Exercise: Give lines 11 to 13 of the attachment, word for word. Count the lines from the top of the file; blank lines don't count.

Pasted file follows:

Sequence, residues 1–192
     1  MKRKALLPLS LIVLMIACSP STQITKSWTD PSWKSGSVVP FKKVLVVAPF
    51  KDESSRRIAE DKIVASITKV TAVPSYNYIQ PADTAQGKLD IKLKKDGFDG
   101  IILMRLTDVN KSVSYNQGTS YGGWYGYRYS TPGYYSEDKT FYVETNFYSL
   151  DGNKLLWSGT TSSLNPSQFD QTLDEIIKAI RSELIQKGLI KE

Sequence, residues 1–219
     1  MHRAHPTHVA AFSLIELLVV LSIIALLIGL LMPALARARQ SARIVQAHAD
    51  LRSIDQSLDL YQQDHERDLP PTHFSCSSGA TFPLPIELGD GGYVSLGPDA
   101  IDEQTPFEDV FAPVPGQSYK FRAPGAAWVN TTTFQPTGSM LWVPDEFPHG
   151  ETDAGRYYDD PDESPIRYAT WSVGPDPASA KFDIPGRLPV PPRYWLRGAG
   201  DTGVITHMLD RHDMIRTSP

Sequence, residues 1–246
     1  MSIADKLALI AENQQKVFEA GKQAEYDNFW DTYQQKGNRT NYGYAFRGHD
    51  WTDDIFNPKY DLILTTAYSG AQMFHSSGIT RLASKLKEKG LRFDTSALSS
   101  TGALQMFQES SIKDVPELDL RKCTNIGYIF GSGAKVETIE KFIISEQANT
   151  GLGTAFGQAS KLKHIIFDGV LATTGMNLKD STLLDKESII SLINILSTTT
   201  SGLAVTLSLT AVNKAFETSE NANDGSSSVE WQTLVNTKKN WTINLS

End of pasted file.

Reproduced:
   201  DTGVITHMLD RHDMIRTSP

Sequence, residues 1–246
     1  MSIADKLALI AENQQKVFEA GKQAEYDNFW DTYQQKGNRT NYGYAFRGHD